6.5. Source counts at 175 µm
Deep counts with ISOPHOT at 175 µm in the Lockman Hole and in the Marano field ([Kawara et al. 1999]; [Puget et al. 1999]), down to 120 mJy, also give a log N - log S curve with a steep slope and a source density which is higher by a factor of order 10 than extrapolations from IRAS or predictions of no evolution models. For these sources, identifications are uncertain, given the large error boxes. Because of the large negative K correction at this wavelength, it is likely that some of the sources seen are at z in the range 1 to 2. Indeed, using the ISOCAM results, one can show that they cannot be a population of galaxies with average redshift 0.7 and a spectrum like M82 or Arp 220, since in that case ISOCAM would see many more sources in the range > 1 mJy ([Elbaz et al. 2000]). Thus, while a fraction of the sources are in common, on the average ISOCAM and ISOPHOT sample different populations of sources. While ISOCAM pinpoints those of the B and K sources, at z < 1, that harbor activity hidden by dust, ISOPHOT misses many of them but can find more distant far-infrared beacons.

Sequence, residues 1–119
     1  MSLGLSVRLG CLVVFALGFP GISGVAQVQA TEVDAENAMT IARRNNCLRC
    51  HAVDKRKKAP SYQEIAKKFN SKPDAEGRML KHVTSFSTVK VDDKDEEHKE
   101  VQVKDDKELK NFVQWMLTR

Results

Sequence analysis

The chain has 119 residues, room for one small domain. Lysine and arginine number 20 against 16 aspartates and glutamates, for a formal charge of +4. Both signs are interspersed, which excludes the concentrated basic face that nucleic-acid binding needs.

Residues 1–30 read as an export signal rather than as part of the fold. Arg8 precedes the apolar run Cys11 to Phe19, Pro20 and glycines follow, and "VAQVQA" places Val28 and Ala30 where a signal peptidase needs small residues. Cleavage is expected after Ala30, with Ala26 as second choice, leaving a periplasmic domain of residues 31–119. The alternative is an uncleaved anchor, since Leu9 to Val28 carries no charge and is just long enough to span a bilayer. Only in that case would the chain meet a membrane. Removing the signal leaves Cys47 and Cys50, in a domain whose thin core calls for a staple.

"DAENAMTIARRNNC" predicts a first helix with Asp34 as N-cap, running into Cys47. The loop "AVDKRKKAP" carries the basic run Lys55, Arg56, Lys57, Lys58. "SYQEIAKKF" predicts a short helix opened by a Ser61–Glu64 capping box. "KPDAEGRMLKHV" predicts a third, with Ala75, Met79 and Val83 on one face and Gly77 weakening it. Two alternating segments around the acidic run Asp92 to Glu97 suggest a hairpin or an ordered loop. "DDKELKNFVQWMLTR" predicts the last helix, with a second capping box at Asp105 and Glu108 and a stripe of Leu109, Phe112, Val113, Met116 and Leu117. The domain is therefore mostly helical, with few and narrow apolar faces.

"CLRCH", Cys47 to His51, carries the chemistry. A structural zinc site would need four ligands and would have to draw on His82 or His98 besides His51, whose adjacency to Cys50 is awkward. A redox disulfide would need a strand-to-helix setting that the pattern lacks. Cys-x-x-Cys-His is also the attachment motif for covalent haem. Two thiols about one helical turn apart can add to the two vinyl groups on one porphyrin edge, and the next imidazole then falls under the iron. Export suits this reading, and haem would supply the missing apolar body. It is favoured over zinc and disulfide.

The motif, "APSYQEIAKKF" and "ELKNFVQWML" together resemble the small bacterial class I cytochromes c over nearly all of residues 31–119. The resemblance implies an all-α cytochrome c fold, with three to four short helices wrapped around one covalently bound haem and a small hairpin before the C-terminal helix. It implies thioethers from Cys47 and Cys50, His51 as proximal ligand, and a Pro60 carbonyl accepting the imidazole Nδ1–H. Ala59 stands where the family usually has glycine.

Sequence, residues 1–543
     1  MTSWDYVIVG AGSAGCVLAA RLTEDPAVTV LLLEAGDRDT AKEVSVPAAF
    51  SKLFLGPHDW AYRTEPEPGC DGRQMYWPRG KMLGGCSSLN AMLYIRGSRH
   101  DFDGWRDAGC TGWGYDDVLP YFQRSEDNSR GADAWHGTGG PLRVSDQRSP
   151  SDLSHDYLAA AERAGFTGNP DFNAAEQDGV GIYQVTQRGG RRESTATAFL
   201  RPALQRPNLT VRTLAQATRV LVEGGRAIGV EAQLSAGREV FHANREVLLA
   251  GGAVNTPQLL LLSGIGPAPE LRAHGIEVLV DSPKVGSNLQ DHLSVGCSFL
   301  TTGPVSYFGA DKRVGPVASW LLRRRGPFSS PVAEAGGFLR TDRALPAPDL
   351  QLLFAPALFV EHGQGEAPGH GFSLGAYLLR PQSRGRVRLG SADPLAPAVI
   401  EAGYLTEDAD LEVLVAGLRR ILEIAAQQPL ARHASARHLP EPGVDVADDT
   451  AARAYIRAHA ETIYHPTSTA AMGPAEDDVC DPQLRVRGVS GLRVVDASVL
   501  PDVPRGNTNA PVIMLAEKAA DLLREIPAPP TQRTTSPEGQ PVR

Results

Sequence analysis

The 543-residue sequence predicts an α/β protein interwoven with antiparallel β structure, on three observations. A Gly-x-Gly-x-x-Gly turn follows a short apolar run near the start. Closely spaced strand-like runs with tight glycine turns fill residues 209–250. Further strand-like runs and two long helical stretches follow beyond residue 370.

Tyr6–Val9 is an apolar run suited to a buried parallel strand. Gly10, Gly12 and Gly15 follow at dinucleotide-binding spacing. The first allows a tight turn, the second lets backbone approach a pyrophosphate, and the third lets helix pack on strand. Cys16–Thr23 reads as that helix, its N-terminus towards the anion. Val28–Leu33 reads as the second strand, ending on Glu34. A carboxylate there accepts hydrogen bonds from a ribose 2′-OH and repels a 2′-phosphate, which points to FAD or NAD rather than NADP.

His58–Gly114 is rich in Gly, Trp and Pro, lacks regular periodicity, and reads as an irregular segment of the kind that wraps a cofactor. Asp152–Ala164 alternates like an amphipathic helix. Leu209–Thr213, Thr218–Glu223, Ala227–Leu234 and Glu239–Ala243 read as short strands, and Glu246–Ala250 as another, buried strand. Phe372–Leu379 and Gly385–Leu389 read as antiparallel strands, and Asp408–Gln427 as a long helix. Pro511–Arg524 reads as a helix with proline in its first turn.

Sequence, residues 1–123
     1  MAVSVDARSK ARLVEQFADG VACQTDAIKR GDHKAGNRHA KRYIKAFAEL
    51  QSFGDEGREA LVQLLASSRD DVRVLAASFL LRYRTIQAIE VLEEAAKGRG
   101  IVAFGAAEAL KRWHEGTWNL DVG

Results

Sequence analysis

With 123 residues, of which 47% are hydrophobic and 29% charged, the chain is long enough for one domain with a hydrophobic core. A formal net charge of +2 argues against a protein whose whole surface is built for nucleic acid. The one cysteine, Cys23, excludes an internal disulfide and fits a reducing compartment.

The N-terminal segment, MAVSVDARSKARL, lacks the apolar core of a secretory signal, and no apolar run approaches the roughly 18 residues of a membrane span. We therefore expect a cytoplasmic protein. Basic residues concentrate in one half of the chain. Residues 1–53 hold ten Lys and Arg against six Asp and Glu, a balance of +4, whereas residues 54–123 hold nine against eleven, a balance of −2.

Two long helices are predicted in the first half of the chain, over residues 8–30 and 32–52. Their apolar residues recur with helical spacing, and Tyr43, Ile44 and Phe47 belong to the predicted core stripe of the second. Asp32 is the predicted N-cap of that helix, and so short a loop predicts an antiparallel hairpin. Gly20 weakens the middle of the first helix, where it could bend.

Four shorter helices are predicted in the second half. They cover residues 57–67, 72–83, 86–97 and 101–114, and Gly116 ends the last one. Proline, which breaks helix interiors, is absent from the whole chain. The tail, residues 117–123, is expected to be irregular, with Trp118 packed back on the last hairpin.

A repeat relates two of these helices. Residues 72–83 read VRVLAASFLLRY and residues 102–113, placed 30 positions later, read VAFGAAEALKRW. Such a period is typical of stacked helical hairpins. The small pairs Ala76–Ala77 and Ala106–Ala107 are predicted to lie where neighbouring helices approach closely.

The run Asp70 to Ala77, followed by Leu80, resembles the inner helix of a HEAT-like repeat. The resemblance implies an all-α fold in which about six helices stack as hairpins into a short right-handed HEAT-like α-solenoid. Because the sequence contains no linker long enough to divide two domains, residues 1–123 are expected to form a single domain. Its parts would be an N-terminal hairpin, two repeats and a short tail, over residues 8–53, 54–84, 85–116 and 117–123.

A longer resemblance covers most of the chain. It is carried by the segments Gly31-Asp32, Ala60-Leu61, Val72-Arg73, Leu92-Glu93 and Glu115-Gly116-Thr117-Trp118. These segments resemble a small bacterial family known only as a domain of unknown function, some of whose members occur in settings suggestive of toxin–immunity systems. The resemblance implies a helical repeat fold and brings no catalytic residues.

A conclusion on such a broad subject is hard to write, when a large number of our colleagues are devoting most of their time to a finer analysis of the ISO data. Let us instead remark that the areas where new infrared data turn out to be of key importance are growing day by day, strongly supporting future infrared missions.
We are grateful to the organizers for exerting the right pressure resulting in the timely delivery of the manuscript, and to the conference sponsors, the Anglo-American Chairman's fund and SASSOL, for allowing this very interesting meeting to take place.